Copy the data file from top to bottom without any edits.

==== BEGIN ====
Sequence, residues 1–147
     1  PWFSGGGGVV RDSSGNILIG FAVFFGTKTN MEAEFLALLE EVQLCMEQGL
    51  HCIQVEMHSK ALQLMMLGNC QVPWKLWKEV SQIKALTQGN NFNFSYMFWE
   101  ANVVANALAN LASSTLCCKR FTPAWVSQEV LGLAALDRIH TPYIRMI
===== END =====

Sequence, residues 1–147
     1  PWFSGGGGVV RDSSGNILIG FAVFFGTKTN MEAEFLALLE EVQLCMEQGL
    51  HCIQVEMHSK ALQLMMLGNC QVPWKLWKEV SQIKALTQGN NFNFSYMFWE
   101  ANVVANALAN LASSTLCCKR FTPAWVSQEV LGLAALDRIH TPYIRMI